Harwich Balloon Barrage

Balloon barrages were employed to cover areas of large dimensions which contained a large number of vital points. They furnished protection against low-level bombing, low-flying and dive-bombing attacks. The balloon barrage remained a deterrent in any state of visibility by day or night.  They were especially useful in situations in covering an avenue of approach that was difficult to cover with light anti-aircraft guns. They could also reduce the need for the number of light anti-aircraft guns. Balloons themselves, however, required protection since the enemy may attempt to clear an area of balloons as a prelude to low level attacks on important targets. The light anti-aircraft gun and the balloon barrage are therefore, essentially complimentary methods of defence.


During a meeting on November 22nd 1939, the Air Officer Commanding-in-Chief, Fighter Command, decided that balloon barrages were required for defence against low flying aircraft laying mines in the approaches to Newcastle, Hull and Harwich.


The Harwich barrage required reconnaissance and a party left London on the afternoon of the 22nd to make contact with the Real Admiral in Charge Harwich Naval Base. The problem of defending the Harwich channel was that for most of its length it is narrow and twisting. It would be impossible to route shipping away from mines dropped in the fairway and a continuous defence would be required from Gristle to Cork Light.


Land sited balloons could cover the inner channel but the outer channel could only be defended by water-borne sites. This would require the conversion of barges and lighters to accommodate winches.  Until this was possible, the initial plan was to deploy one flight of eight balloons between Landguard Point and Felixstowe Point and a second flight between Harwich Harbour and Dovercourt.


When drifters and barges became available the defence scheme would cover the channel elbow with five barges (where mines had been dropped previously) and the remainder of the channel was to be patrolled by three drifters, each flying one balloon.  This was to be found by transferring five of the balloons at Harwich to fixed barges and three on the Felixstowe side to mobile drifters.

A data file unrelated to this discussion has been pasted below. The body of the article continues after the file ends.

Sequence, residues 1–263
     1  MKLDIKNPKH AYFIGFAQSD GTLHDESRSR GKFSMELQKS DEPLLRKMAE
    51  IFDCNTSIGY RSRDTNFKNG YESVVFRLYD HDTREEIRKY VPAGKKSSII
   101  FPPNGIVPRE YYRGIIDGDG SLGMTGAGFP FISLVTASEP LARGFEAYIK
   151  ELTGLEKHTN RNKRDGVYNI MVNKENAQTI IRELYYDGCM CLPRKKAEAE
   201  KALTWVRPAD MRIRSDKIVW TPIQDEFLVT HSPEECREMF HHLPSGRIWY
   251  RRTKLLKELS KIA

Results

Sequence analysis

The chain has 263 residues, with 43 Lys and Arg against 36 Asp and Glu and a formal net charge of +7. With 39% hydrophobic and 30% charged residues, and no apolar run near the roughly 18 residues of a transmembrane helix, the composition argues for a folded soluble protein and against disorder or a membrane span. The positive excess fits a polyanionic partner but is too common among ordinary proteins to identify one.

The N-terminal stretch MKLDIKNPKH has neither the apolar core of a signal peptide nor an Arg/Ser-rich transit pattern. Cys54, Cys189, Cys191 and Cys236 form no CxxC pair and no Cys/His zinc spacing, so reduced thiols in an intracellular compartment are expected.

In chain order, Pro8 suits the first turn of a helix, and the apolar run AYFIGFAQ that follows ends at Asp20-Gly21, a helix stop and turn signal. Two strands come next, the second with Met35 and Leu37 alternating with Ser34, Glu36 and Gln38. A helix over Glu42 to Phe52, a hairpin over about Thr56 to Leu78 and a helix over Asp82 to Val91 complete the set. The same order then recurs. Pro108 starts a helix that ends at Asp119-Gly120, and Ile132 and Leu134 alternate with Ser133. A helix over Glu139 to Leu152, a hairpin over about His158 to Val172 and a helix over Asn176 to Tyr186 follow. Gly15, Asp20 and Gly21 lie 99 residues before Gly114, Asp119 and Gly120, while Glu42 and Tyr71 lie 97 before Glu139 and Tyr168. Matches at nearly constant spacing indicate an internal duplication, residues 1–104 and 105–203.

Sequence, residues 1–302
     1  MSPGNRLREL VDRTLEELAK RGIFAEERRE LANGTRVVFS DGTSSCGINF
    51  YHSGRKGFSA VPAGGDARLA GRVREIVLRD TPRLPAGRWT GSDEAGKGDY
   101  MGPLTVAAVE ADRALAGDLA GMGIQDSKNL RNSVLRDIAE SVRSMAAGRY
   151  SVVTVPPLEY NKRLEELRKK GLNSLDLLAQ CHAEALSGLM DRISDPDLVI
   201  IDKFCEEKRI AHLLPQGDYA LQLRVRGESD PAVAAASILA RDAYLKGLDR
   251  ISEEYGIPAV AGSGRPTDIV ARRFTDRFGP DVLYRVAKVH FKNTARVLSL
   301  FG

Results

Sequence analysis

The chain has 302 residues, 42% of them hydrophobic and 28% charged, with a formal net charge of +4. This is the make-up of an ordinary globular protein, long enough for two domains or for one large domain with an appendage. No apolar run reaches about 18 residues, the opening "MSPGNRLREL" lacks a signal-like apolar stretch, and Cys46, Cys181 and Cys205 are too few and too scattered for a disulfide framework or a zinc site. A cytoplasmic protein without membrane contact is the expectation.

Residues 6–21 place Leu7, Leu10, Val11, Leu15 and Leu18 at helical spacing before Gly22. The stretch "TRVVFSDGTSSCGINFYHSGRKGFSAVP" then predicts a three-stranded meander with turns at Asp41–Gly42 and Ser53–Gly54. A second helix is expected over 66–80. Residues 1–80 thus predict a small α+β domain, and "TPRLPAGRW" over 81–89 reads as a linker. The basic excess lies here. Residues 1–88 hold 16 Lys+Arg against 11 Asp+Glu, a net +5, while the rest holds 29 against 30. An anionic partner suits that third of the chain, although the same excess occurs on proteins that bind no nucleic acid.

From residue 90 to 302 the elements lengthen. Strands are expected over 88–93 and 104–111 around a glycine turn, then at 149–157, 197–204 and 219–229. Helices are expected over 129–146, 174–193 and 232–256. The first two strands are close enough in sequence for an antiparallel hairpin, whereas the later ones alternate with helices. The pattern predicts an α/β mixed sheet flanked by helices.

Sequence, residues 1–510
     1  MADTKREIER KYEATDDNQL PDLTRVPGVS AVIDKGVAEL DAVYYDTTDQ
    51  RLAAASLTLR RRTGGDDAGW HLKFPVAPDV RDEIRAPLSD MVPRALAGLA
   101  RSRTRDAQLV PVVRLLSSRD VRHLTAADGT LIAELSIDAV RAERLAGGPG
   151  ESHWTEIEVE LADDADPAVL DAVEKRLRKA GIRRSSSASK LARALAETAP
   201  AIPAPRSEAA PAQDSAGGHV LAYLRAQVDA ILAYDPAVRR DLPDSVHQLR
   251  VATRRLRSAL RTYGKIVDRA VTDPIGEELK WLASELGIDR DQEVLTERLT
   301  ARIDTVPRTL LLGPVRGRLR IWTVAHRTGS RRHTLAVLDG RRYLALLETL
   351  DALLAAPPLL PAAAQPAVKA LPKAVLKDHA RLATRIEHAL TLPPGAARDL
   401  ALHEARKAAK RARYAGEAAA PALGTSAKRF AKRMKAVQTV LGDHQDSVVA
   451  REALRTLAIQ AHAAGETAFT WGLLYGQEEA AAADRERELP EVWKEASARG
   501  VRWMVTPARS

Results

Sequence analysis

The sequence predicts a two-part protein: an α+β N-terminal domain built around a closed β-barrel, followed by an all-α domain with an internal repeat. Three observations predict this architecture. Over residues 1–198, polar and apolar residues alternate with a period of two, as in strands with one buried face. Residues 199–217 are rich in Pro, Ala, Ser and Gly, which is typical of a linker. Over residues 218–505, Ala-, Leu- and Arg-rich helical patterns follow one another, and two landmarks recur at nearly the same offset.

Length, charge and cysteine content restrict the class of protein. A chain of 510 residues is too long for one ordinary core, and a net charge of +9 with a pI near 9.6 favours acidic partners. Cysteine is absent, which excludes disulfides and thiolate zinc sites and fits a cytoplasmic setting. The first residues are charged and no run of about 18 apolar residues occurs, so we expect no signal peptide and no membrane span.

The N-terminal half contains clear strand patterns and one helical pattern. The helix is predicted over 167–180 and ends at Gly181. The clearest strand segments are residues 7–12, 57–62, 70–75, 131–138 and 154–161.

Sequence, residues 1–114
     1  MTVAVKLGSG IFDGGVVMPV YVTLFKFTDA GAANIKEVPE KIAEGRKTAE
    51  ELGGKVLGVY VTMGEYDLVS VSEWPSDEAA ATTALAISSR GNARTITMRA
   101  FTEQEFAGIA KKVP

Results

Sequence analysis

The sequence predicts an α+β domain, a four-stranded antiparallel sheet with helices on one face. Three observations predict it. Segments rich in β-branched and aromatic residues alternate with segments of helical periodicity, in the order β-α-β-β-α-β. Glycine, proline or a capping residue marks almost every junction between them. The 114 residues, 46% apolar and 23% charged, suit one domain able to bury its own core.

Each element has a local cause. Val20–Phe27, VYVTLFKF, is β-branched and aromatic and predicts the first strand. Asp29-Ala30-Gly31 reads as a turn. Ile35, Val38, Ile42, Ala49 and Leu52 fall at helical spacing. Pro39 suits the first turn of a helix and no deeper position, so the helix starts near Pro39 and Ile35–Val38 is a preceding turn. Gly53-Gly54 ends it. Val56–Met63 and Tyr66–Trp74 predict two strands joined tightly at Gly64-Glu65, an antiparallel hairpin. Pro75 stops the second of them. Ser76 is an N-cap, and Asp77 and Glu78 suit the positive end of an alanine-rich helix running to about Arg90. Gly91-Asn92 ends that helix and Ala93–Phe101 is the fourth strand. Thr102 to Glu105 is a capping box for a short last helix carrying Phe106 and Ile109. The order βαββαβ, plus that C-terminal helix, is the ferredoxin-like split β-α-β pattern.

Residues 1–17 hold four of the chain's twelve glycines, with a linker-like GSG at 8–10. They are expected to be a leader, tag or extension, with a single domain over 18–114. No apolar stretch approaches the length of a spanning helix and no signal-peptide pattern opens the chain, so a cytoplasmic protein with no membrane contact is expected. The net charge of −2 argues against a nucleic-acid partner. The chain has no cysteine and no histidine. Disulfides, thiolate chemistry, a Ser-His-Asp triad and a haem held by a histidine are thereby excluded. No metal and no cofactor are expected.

Right: The initial plan for the Harwich

Balloon Barrage. It was decided not to

fly balloons from the lighters in the end,

the three balloons instead being flown

from barges to extned the line along

the elbow of the channel.
























The balloon barrage was to be formed by the movement of 928 (Balloon) Squadron from Bristol to Felixstowe, with two flights and one flight being detached to Harwich.  Squadron and Flight Headquarters were to be based at RAF Felixstowe and one large hanger was taken over for stores, motor transport and balloon air inflation and repairs. Accommodation for crews of the water-borne sites would be found in barracks on site. However, initially accommodation for only half of the crews of the land sites at Felixstowe was available; the rest would have to be accommodated in tents until huts could be provided.


Hydrogen was to be drawn from Cardington. Weather forecasts were to be received from the Meteorological centre at RAF Mildenhall four times a day, while a weather station at Felixstowe was to keep a continuous watch on weather conditions.


On Nov 25th, 928 Squadron was informed that five Dumb Lighters were on their way from London for the fixed water-borne sites. Standard Mk II winches were to be dropped into the hold on a chassis.  The barges were to be unmanned due to concerns about them not being suitable to ride out sea conditions in the proposed locations.  It was noted that as the barges were unmanned the balloons would be more vulnerable to lighting strikes.  Maintenance crews did however visit daily in boats to replenish hydrogen. It was also decided to abandon the part of the scheme which required flying balloons from drifters as it was felt to be too much of a risk with the amount of naval shipping using the channel at night. Instead it was decided to re-position the three balloons onto barges to extend the barge line along the elbow of the channel.